The wreck of The Rhone
Written by Missy Johnston
Salt Island in the British Virgin Islands, has always been owned by the government, and is a tiny little island that provided its namesake, salt, from shallow salt ponds found on the island. This salt was an important staple for the British Royal Navy. The harvesting of salt was an important annual tradition on Salt Island going back to the days of Queen Victoria, when the residents would gather once a year to harvest salt. It became customary for the Administrator of the Virgin Islands and later the Governor of the Virgin Islands to send one pound of salt to the Monarch on the Queen’s birthday as “rent” for the island, a tradition that fell away, but may have been revived in 2015.
At one time, over 100 people lived on this tiny island, only one mile long by one mile wide all engaged in the operation of producing salt. Today, one can hike to the salt ponds, the cemetery, outlined in rocks where those lost in the sinking of the Rhone are buried, and a wall commemorating those lost. For years, 3 people lived on Salt Island, however today, no one lives on the island, which still belongs to the government. Only able to be reached by private yacht, visitors are welcome to wander the island and hike the local trails, however the bigger draw, is the famous Wreck of the Rhone, just off the shores of Salt Island.
The Wreck of the RHM Rhone, Salt Island, British Virgin Islands
An excellent underwater location for snorkeling and scuba diving, the British Royal Mail Steamer, “Rhone” was wrecked off of the shores of Salt Island, in between Salt Island and Norman Island on October 29, 1867, during a hurricane. The Rhone, built in 1865, was considered by the Royal British Navy to be one of two unsinkable ships, the other being The Titanic, with both ships, unfortunately proving the Royal British Navy wrong.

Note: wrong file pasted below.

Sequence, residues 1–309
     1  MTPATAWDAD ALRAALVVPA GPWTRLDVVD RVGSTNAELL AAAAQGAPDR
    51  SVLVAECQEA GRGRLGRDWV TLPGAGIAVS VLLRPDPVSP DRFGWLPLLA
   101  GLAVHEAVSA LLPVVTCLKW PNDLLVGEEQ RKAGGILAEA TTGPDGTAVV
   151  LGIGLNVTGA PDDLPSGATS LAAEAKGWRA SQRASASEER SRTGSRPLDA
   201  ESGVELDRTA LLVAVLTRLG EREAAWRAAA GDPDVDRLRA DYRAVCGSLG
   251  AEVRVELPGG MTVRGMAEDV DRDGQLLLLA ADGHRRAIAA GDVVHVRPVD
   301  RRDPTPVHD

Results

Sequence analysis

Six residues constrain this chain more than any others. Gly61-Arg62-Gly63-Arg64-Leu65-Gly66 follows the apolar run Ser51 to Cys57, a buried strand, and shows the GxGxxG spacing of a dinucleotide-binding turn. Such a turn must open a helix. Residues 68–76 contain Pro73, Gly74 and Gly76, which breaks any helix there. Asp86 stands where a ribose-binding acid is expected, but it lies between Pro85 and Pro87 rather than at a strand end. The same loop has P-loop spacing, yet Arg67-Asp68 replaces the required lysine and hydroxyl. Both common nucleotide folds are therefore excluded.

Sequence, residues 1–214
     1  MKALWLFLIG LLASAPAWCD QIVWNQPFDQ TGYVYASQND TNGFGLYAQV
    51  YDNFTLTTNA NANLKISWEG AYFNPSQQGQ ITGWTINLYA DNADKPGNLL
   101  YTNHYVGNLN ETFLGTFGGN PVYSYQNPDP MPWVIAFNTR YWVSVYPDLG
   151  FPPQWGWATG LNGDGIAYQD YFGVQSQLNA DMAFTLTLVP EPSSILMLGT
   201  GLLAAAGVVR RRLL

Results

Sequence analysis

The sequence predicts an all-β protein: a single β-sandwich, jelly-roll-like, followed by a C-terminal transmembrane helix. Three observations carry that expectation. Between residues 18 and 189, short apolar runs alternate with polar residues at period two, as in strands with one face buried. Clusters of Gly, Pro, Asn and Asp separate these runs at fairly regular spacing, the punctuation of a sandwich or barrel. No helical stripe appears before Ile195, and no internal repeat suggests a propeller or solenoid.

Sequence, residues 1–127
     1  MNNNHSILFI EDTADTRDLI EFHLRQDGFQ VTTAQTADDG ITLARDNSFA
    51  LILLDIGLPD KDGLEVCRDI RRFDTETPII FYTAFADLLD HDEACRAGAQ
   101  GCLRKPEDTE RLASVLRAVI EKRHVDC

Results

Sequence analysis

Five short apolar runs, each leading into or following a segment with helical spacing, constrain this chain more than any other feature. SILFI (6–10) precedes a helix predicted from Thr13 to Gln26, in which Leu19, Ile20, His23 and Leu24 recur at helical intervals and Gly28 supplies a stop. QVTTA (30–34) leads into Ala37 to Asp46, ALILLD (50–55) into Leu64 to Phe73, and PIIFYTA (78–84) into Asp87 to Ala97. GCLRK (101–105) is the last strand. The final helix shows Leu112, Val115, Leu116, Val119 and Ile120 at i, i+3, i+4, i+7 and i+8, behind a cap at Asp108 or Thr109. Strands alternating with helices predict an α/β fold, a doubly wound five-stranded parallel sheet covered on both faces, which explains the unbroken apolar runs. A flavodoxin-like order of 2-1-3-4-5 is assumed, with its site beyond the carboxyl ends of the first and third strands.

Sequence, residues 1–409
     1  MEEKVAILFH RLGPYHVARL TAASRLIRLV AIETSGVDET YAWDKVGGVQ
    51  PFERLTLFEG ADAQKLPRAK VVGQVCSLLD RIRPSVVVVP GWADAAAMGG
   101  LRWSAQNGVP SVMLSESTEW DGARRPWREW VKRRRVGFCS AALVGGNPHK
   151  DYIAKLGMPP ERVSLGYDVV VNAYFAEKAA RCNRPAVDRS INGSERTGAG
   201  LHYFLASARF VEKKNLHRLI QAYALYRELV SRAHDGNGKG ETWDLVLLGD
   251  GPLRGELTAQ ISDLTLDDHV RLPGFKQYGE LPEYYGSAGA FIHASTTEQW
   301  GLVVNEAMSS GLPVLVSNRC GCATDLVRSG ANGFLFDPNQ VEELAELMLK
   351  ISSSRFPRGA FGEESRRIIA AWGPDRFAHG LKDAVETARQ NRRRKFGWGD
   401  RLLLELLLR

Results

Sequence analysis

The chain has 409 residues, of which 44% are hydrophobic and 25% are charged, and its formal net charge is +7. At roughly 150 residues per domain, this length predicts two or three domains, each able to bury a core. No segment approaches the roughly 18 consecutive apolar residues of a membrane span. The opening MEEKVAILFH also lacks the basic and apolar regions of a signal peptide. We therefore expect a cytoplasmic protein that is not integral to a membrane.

Built at the Millwall Iron Works in Southampton, England, the Rhone was 310 feet long with a 40 foot beam. Sporting two masts, the Rhone was a favorite with passengers, as she sailed along at 14 knots, an almost unheard of speed at that time. Carrying cargo, the Rhone also had lavish passenger staterooms, with 253 first class staterooms, 30 second class cabins, and 30 third class cabins. Just prior to the sinking, the Rhone had come alongside RMS Conway to refuel in Great Harbor on Peter Island. As the skies darkened and the barometer dropped, it was decided that all passengers would be transferred from the Conway to the unsinkable Rhone, and that the Conway would make way to Roadtown Harbor in Tortola and the Rhone would head out to weather the storm at sea.
The Conway never made safety in Roadtown Harbor and was caught by the tail end of the storm, foundering off of the south side of Tortola with the loss of all hands.
Wreck of The Rhone
With all passengers strapped to their beds, as was the norm at that time for safety under hurricane conditions, the Rhone attempted to head out to the open seas. As the Rhone came around between Peter Island and Salt Island the tail end of the storm caught the ship and tossed it onto Black Rock Point. The Rhone split in half, causing cold water to come into contact with the hot boilers, which then exploded sending the rest of the ship to the bottom. Sadly of the 143 passengers on board, plus and unknown number that were transferred on board from the Conway, only 23 crew survived. Many of the dead were buried on nearby Salt Island.
As the waters were shallow, the mast of the Rhone was still to be seen sticking up from the water, until the 1950’s when the Royal British Navy deemed the mast and wreck to be a maritime hazard and sunk the ship further into the waters. In 1967, the area was named a National Park and now is one of the best snorkel and dive site to explore a wreck in the Caribbean. As the wreck is still in relatively shallow waters from depths of 20 to 80 feet, much is seen by snorkelers, and the diving is considered relatively easy.
Wreck of The Rhone
The most popular and well known of all the BVI dive sites, the Royal Mail Steamer “Rhone” was also the setting for the movie “The Deep” with Nick Nolte and Jacqueline Bissett. Today she is decorated by a wide variety of corals and is home to several resident barracuda, sea turtles, stingrays, angelfish, yellowtail snappers and other colorful, Caribbean sea life.